Jewish separatism proves a vote-winner in Karmiel

The joint Arab-Jewish list Karmiel L'kulanu, established following the creation of Habayit Sheli, earned fewer than 400 votes in the city.

By BRENDA GAZZAR
November 13, 2008 22:35
2 minute read.
Jewish separatism proves a vote-winner in Karmiel

acre road 298 88. (photo credit: Old Acre Development Company)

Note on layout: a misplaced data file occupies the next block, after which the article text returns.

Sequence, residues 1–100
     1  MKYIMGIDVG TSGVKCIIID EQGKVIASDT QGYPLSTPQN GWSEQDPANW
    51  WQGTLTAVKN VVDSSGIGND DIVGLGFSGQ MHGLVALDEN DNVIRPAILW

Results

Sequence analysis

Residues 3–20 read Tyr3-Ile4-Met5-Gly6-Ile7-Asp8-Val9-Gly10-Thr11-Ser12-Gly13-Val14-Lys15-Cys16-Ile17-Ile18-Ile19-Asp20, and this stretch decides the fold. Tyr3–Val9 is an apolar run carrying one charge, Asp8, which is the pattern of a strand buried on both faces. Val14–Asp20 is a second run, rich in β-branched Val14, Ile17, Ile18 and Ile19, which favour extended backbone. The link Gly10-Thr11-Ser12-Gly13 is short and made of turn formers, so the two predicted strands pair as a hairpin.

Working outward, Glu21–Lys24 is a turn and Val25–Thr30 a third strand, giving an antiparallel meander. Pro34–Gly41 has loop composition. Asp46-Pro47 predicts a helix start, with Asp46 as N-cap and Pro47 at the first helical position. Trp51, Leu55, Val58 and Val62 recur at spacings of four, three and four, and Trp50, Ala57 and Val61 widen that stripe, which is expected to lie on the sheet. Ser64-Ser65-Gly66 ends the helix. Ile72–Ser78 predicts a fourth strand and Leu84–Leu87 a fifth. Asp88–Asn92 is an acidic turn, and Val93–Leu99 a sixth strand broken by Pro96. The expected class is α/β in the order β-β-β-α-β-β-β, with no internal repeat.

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In the mixed Jewish-Arab city of Karmiel, a new list advocating the preservation of the city's Jewish character won three out of 17 seats on the city council, while a new joint Jewish-Arab list garnered none. The independent list entitled Habayit Sheli (It's My House) used slogans during the municipal election campaign such as "My house is not for sale" - a reference to the minority Arab-Israeli population in the country. "The residents of Karmiel are very intelligent and understand that we need to give a chance to a new generation, to the young people, to work toward preserving the Jewish, Zionist nature [of the city] and to bring young couples to the city to make it vibrant," said Oren Milstein, a founder of the list. "We don't have anything against anyone. We are just in favor of our character." Rina Greenberg, who was reelected to the council on the independent list Karmiel is Our Home, had similar ideas about keeping Karmiel a Jewish city. Nearly 45 years ago, "there was a decision to create a Jewish city in the Galilee, and it was a decision of the state of Israel," she said. "There are lots of Druse villages and Muslim villages and Christian villages… We are a small community, and we want to preserve our traditions… Just as Arab boys marry Arab girls, we want our boys to marry our girls." The joint Arab-Jewish list Karmiel L'kulanu (Karmiel for All of Us), which was established following the creation of Habayit Sheli, earned fewer than 400 votes in the city. Attorney Rabeya Jahshan, who headed the list, said that only about 500 Arabs were registered as residents of the city, though he estimated that a much higher number lived there but were registered in surrounding areas. Jahshan said he and the others on the list would work diligently in the next five years to earn seats on the council. "We, as Arabs and Jews, don't have any choice but to try to live together respectfully… Extremism will hurt all of us, the Jews and the Arabs," he said. "Let us learn from the experience that we had in Acre" with the Arab-Jewish riots that erupted there in October. "Extremism will lead to fire, and we don't want that." Jahshan said that the Habayit Sheli list had discriminatory ideas and "is ruining the nice and calm atmosphere in the city… Whoever advocates for ethnic separation, is a racist party." In Acre, meanwhile, the Arab sector earned only three out of 17 seats on the city council - two seats fewer than it did five years ago. Arab council members who succeeded in earning a seat, such as Jamal Adham of the United List of Acre, blamed the creation of new Arab lists, which split the Arab vote, as the cause of the reduction in representation. Adham said these lists had been established to promote the personal interests of the candidates. However, the unsuccessful candidates on new lists, such as Hani Assadi of "Acre Bes" (Only Acre), said there was a real need to establish alternatives to the incumbent Arab candidates, whom Assadi described as corrupt and as having done little to improve the economic situation and quality of life in the city.

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